In A.G. Lafley & Roger Martin’s seminal book on strategy, Playing to Win, they define strategy as “making specific choices to win in the marketplace.” On the surface it may seem a bit simplistic, but, put into practice, it’s immensely powerful.
In our work with companies, We often find that strategy is not defined clearly enough to help make real choices. There are two common traps at opposite extremes. Either strategy is so aspirational and generic that it allows for almost anything. Or it’s a set of financial metrics (ex. margin, value creation, etc.) that provides clarity on financial outcomes, but is almost useless in providing guidance on how to achieve them.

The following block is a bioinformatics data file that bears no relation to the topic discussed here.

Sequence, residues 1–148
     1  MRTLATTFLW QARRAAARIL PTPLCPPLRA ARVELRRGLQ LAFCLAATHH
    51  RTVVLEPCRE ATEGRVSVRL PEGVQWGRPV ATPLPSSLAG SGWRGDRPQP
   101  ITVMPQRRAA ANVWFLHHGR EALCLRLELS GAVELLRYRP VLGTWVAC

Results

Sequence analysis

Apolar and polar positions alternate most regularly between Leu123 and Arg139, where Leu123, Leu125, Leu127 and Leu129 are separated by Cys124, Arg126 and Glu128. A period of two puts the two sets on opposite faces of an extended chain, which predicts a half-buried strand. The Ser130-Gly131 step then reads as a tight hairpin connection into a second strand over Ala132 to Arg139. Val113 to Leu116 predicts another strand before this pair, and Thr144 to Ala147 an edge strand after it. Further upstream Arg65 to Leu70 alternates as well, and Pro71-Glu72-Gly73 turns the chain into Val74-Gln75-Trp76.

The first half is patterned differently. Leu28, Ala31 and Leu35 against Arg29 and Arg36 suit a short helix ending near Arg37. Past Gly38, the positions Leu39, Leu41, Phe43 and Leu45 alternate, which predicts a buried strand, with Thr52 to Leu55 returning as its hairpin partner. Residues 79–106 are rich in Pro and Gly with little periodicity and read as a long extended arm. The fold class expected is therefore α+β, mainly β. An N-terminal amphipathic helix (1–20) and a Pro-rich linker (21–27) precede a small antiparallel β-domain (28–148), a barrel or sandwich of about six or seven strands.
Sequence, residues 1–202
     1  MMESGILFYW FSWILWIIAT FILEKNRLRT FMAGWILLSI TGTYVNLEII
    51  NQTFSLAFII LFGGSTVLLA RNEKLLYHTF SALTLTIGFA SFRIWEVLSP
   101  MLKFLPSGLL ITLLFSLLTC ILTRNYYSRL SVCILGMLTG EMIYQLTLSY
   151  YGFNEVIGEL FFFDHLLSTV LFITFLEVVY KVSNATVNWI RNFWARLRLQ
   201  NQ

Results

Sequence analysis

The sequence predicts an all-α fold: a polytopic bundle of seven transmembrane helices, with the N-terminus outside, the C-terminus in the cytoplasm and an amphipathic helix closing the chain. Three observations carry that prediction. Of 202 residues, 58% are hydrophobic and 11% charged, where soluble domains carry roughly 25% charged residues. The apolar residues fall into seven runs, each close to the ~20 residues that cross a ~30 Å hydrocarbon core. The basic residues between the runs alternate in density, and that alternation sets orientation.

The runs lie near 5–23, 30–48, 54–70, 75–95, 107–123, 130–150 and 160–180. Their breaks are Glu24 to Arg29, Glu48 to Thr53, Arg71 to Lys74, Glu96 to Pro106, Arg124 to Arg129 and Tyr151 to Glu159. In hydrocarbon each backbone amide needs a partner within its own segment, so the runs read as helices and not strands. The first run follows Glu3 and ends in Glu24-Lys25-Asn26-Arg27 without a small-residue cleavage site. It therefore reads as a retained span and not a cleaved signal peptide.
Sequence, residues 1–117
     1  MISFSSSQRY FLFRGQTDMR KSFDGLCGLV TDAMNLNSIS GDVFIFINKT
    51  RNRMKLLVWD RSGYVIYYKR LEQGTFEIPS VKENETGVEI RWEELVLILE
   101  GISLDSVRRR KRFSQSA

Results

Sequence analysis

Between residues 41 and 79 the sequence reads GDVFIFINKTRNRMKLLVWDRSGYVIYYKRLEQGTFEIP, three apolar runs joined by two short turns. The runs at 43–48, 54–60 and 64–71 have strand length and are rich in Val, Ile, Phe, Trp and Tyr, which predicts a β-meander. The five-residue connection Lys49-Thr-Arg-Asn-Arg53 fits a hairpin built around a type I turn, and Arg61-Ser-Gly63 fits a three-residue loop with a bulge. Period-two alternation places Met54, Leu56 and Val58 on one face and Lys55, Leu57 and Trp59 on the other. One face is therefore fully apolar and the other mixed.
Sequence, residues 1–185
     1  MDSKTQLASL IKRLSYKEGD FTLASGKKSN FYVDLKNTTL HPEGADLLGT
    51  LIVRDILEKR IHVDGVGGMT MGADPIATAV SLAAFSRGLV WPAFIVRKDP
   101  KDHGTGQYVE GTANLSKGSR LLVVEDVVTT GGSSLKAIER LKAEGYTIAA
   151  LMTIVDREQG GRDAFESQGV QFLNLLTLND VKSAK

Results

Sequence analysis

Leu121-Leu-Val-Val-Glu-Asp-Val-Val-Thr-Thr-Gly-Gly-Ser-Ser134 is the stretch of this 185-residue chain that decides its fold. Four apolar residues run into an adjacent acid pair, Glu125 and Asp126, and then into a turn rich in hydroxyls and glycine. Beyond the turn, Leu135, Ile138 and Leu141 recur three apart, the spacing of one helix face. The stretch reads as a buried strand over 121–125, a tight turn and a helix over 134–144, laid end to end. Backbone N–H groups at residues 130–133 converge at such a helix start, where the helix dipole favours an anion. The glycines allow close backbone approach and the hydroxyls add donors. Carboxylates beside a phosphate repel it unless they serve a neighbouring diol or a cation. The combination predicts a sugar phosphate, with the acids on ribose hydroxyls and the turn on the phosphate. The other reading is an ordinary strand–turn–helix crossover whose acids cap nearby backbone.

In short, a key symptom of a poorly defined strategy is when it allows us to say “yes” to too much. In fact, if strategy is about “making choices,” we should expect to say “yes” to a few important priorities and “no” to everything else. Therefore I’d propose that the acid test of your strategy is its ability to help you say “no.”
Specifically: when was the last time you said “no” because of your strategy? To make it come alive, here’s what it could sound like:
We will not sell to this prospect because of _____ (strategic reason)
We are not quoting on this job because of _____ (strategic reason)
We do not compete on _____ (strategic reason)
We will not invest in _____ because of (strategic reason)
How often does your strategy help you answer any of the above?
If it’s not often, it may be a sign you need to sharpen your strategy so it goes from being “unemployed” to “doing its job” – i.e. making specific choices that help you win!
photo credit: Simon Doggett on flickr